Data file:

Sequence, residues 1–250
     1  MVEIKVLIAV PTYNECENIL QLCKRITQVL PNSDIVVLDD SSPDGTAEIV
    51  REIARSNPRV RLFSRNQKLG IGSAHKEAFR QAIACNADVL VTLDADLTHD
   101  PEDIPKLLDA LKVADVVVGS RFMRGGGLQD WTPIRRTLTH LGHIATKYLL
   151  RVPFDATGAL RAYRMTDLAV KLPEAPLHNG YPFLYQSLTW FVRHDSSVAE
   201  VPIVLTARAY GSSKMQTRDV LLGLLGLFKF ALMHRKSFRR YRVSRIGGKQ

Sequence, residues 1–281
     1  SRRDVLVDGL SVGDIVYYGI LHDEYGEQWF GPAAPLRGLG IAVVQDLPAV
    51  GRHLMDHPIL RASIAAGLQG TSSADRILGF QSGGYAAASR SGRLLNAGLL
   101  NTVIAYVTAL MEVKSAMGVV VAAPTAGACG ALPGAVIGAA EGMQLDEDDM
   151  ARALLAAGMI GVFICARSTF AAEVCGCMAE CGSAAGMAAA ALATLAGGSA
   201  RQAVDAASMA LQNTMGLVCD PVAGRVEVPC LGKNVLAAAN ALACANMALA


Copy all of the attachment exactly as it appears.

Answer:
Sequence, residues 1–250
     1  MVEIKVLIAV PTYNECENIL QLCKRITQVL PNSDIVVLDD SSPDGTAEIV
    51  REIARSNPRV RLFSRNQKLG IGSAHKEAFR QAIACNADVL VTLDADLTHD
   101  PEDIPKLLDA LKVADVVVGS RFMRGGGLQD WTPIRRTLTH LGHIATKYLL
   151  RVPFDATGAL RAYRMTDLAV KLPEAPLHNG YPFLYQSLTW FVRHDSSVAE
   201  VPIVLTARAY GSSKMQTRDV LLGLLGLFKF ALMHRKSFRR YRVSRIGGKQ

Sequence, residues 1–281
     1  SRRDVLVDGL SVGDIVYYGI LHDEYGEQWF GPAAPLRGLG IAVVQDLPAV
    51  GRHLMDHPIL RASIAAGLQG TSSADRILGF QSGGYAAASR SGRLLNAGLL
   101  NTVIAYVTAL MEVKSAMGVV VAAPTAGACG ALPGAVIGAA EGMQLDEDDM
   151  ARALLAAGMI GVFICARSTF AAEVCGCMAE CGSAAGMAAA ALATLAGGSA
   201  RQAVDAASMA LQNTMGLVCD PVAGRVEVPC LGKNVLAAAN ALACANMALA